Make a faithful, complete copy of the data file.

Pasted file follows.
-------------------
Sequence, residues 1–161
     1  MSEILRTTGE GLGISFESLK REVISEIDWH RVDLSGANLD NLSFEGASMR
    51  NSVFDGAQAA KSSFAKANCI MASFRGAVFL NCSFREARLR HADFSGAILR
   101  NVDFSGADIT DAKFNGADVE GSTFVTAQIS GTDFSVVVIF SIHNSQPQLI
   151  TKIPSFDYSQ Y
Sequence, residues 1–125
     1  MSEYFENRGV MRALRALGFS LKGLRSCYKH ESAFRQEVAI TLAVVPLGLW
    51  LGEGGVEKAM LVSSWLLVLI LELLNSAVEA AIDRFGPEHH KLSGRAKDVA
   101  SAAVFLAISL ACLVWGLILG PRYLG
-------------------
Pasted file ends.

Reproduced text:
Sequence, residues 1–161
     1  MSEILRTTGE GLGISFESLK REVISEIDWH RVDLSGANLD NLSFEGASMR
    51  NSVFDGAQAA KSSFAKANCI MASFRGAVFL NCSFREARLR HADFSGAILR
   101  NVDFSGADIT DAKFNGADVE GSTFVTAQIS GTDFSVVVIF SIHNSQPQLI
   151  TKIPSFDYSQ Y
Sequence, residues 1–125
     1  MSEYFENRGV MRALRALGFS LKGLRSCYKH ESAFRQEVAI TLAVVPLGLW
    51  LGEGGVEKAM LVSSWLLVLI LELLNSAVEA AIDRFGPEHH KLSGRAKDVA
   101  SAAVFLAISL ACLVWGLILG PRYLG